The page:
I really do love coming in here and writing journals from time to time (I don't do it nearly as often as I probably ought to), because honestly no one reads them. . . and there's some marvelous little thrill in saying what you like, semi-publically, yet knowing there is a roughly ninety per cent chance no one will ever see it or care. And the fact that it's here stashed with my art, like some haphazard digital hope chest, makes it all the more eccentrically fulfilling. Maybe one day I'll connect with another absurdist eccentric intellectual snob on this site who is as weird and analytical as I am, and they'll have the guts to tell me "Jesus, Zoe, you are one passive aggressive little social critic posing as a Southern Belle."
I wonder why it's so easy, even effortless, for so many people to be inauthentic. I tell myself that it's just my part of the country, and my constant discomfort with it is only indicative of my love/hate relationship with the American South. It seems to be the default state of the human race, or at least in middle-to-upper class America where people think they have so much to lose. . . to quote one of my personal heroes, Morrissey "They're so scared to show intelligence; it might smear their lovely career."
That's right, Sean Patrick: This world, I am afraid, is designed for crashing bores. And I am not one. . .
But the utterly delicious part is that no one knows this. I always feel like Scott Bakula in Quantum Leap, when he first arrives in someone else's life and, before he even gets to a reflective surface to actually identify his new form, he learns a lot just by the way people treat him. (There needs to be one of those darling little pseudo-spiritual books written called The Philosophy of Quantum Leap. But that's another essay for another day, and I'll probably never write it.)
The underlying message of that show, a childhood favorite of mine, was that people react to who you LOOK like, not who you ARE. No matter how much evidence they receive to the contrary, they will interact with what you seem to be and with what they need for you to be. This observance may sound adolescent-- and I'll admit I never lost the Holden Caulfield worldview I embraced at 14, because it still seems pretty relevant.
This is why:
I look like a very different creature than I really am. As I've transitioned from being a stay-at-home mom and artist back into a full time career, I've found my life dominated by the discrepancy between the authenticity of self that I cannot help but insist upon and the suppositions and inauthenticity that others seem to live with unquestioningly. (To give some context here, I am an administrative civil servant . . .I'll leave it at that. Part of this could be that I am utterly unsuited temperamentally to such work, but for the time being it is necessary that i make the best of this and treat it as a social experiment of sorts.)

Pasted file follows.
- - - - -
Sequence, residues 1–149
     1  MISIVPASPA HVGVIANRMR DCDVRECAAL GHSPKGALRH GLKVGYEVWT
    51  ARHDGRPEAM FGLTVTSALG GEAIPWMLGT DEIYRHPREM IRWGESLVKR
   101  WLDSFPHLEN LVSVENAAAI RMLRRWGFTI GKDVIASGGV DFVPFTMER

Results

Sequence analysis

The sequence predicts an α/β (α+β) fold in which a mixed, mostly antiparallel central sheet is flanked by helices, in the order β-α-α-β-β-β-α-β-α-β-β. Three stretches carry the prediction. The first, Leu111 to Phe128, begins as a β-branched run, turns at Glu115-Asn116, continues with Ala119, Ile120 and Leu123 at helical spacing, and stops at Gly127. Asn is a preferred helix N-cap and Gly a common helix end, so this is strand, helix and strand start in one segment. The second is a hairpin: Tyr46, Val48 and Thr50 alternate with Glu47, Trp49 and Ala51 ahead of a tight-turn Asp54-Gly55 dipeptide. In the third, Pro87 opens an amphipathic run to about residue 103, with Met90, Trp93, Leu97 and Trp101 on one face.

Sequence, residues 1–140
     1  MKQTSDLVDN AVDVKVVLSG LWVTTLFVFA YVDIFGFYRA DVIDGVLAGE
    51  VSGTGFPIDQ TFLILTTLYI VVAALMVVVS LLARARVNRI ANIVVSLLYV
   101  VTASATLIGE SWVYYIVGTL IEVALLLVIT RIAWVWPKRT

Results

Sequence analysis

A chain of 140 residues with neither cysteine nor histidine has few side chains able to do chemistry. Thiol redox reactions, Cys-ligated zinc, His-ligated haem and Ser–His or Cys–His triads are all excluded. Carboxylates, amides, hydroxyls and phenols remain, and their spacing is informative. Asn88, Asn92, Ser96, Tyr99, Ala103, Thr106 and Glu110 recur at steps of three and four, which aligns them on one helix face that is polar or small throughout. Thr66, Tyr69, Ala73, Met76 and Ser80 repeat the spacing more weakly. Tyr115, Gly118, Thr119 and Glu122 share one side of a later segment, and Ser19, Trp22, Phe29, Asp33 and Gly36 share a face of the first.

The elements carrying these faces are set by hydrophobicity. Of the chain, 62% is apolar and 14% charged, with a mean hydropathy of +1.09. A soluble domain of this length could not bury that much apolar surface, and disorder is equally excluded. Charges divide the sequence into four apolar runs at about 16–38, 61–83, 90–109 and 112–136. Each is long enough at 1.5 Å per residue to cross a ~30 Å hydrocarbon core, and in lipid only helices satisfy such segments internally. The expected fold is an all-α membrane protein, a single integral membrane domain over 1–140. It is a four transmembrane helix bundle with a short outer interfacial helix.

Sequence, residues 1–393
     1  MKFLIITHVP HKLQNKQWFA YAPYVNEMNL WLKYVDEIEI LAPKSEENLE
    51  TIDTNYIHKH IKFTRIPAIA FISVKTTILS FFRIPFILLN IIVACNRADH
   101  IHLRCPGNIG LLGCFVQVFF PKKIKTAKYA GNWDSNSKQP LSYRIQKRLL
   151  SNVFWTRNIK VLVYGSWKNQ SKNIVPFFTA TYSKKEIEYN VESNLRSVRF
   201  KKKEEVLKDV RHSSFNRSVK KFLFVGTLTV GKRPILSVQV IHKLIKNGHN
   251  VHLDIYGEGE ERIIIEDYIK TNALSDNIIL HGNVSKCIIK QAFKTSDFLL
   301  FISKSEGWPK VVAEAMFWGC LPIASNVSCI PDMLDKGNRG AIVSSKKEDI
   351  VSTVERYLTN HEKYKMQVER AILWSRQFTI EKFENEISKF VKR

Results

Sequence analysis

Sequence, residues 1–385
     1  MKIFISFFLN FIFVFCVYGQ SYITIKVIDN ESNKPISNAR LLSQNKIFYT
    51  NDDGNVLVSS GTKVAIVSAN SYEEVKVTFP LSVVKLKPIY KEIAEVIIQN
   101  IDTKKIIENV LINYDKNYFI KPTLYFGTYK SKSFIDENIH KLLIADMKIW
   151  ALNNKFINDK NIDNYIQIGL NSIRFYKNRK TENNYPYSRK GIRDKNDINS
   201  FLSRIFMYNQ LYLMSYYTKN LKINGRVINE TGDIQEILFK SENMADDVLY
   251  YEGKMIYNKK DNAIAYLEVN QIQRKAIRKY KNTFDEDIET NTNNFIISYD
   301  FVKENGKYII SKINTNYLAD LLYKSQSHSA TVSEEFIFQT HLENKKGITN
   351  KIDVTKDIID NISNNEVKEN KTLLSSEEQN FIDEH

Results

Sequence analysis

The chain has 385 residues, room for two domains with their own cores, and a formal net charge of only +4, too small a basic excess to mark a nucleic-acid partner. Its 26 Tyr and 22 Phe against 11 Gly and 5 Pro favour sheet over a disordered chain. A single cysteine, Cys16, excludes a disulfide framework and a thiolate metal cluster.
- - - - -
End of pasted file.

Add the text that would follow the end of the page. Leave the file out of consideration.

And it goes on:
What I appear to be to the people I meet each day is a petite caucasian female, conservatively dressed and overtly compassionate and rather self-effacing in my humor, simply because I've never had much of an ego and humility comes naturally to me. I'm an INTJ on the Meyers Briggs inventory, which is a very rare type in general and an even rarer type for females. As a result, I do not get along well with nor understand other women very well. I find gossip repugnant and cruel-- I have vices of my own and do not judge others for doing this, as it seems to be something they do out of a desperate need to feel superior or in control.
What is so strange to me is how people insist upon reacting to the woman they see and the beliefs they attach to her-- this woman they believe must be privileged and naive and weak-- rather than getting to know me. When I present new ideas at work, as part of my job description, I'm treated like an eccentric child. In fact, I've noticed that any behavior I present that deviates from the role I am suppose to play, that of an affluent white woman whose husband probably takes care of her, is at first laughed at and, if repeated, met with ridicule. I'm not supposed to be smart (never mind that I have a BA in History, attended graduate school for a year and a half, taught freshman composition as a grad assistant at the University of New Orleans when I was 23, and then went back to school for a two year graphic design program later in my 20's.) I'm not supposed to be creative-- even though I'm working on a novel and I draw and paint constantly.
I'm just not supposed to be myself. I don't even think I'm supposed to be particularly interesting. No one around me is. I almost want to stand up and say "I notice a lot of you spend your time between menial clerical tasks shopping for shoes online. Well, maybe you could shop for a personality while you're at it. I have one, myself. I mean its scary at first, but really. . . They're fucking awesome!"